AT the end of a big personal victory, David Moyes gave the media the silent treatment.
AT the end of a big personal victory, David Moyes gave the media the silent treatment. Having refused to enter the Press room, he was hopefully happier to talk in Alan Pardew’s office. Newcastle United’s manager would certainly have benefited from picking the Scot’s brain.
If he is to be a success at St James’ Park, Pardew will have to pull off the high-wire act Moyes has so often in nine years on Merseyside – not just for the next few weeks, but for as long as Mike Ashley is his boss.
Everton have the heritage, Newcastle the fanbase but, depressingly, in the Premier League, the bank balance trumps both. It is why Saturday’s meeting was the top-flight equivalent of two bald men fighting over a comb.
Moyes’ boys have a good record of winning those battles and, for the first time in 11 years, they did so on Tyneside.
To say February has been a bad month for one of the Premier League’s finest managers is an understatement.
Moyes described Everton’s defeat at Bolton Wanderers as the worst of his Toffees career. Last week they wasted knocking Chelsea out of the FA Cup by losing to Reading. Each trough has been followed by impressive victories over North East opposition. Wouldn’t you just know it?
For nearly a decade Moyes has built teams on a shoestring. Had he not done such a good job, maybe Ashley might not have tried running Newcastle along similar lines.
But while, thanks to the generosity of their neighbours, Everton have even less to spend than the Magpies, their squad is built on firmer foundations. Thus, three-quarters of the way through a poor season for the Merseysiders, a good one for the Tynesiders, they are level on points.
The Toffees have been permanent members of the Premier League, their manager a fixture in the dugout. As a result, their bargain-hunting has accumulated rewards among the duffers. They flourished without Tim Cahill and Marouane Fellaini, Newcastle floundered in the absence of Joey Barton, Stephen Ireland and Hatem Ben Arfa.
Tim Howard is a reliable goalkeeper, fellow Manchester United reject Phil Neville a leader. Leighton Baines may not be, as Jamie Carragher thinks, the world’s best left-back, but he is pretty handy. Phil Jagielka came from the Football League, Jack Rodwell and Leon Osman from the academy. Bought for just £2m, Mikel Arteta’s quality alone put Everton beyond reach.
Newcastle’s one edge came in attack. While Everton’s XI featured Louis Saha – the football equivalent of buying broken biscuits – both sides leaned heavily on Football League products.
On Saturday’s evidence, Newcastle got lucky 13 months ago. When Chris Hughton’s £1.8m bid for Jermaine Beckford was turned down he opted for the cheaper Leon Best. After a dreadful 2010, it is suddenly looking excellent business.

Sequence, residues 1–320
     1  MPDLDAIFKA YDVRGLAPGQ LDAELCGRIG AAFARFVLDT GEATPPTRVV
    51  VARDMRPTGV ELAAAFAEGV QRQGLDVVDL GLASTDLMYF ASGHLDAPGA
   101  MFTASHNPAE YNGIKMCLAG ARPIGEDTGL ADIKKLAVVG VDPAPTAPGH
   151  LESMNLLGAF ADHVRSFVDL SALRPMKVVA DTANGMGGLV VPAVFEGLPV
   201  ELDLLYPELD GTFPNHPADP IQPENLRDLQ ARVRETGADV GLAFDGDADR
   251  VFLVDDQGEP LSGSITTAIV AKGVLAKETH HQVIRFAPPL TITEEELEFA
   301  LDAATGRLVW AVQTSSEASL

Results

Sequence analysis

Beckford managed to turn up on time but it was an unconvincing display from a striker with much making up to do after being dropped for tardiness in midweek. Six goals in 10 games have won Best his manager’s faith. It could have been seven, but a leaping header was helped by pushing Jagielka in the back, and the goal was disallowed. The one that did count was slightly odd, and against the run of play.
Rather than lump a free-kick into the box from halfway, Fabricio Coloccini played it short to Jonás Gutiérrez. The winger talked in the programme about preferring the clever pass to a stream of aimless crosses, and practised what he preached. But he picked out a startled centre-back. Mike Williamson briefly looked like a rabbit in the headlights with a football at his feet in the opposition penalty area. But given time to do so, he produced an exquisite reverse pass Kevin Nolan played to the stooping Best. From nowhere, Newcastle led 1-0. With Danny Simpson out of position because Pardew had no right-winger, Newcastle had the cutting edge but little supply.
From a slow start, Everton were the same in reverse. Assisted by Osman, Arteta’s influence grew. With the Spaniard spending little time in his nominal wide left position, Simpson might have been better man-marking him than sticking to his unfamiliar post.
When Arteta cut on to his right in the 17th minute it brought the first of three outstanding saves from Steve Harper. But the goalkeeper lacked protection, particularly when Osman carried the ball deep into enemy territory and exchanged passes with Arteta before sweeping an equaliser through Williamson’s legs.
Baines delivered a low free-kick with danger written all over it and Jagielka got the decisive touch. Thirteen minutes after trailing, Everton led.
Saha wasted a hat-trick of good second-half chances, but Newcastle’s biggest concern came when Nolan tangled with Victor Anichebe. The pair have history resolved out of court last week, stemming from a tackle by the former two years ago. Nolan’s left arm swung out when they bumped into one another on the halfway line.
Fortunately for Newcastle, Howard Webb saw the incident, and chose yellow cards over red. When your resources are as depleted as Pardew’s, you cannot afford key players sat suspended on the sidelines. Moyes could tell him that.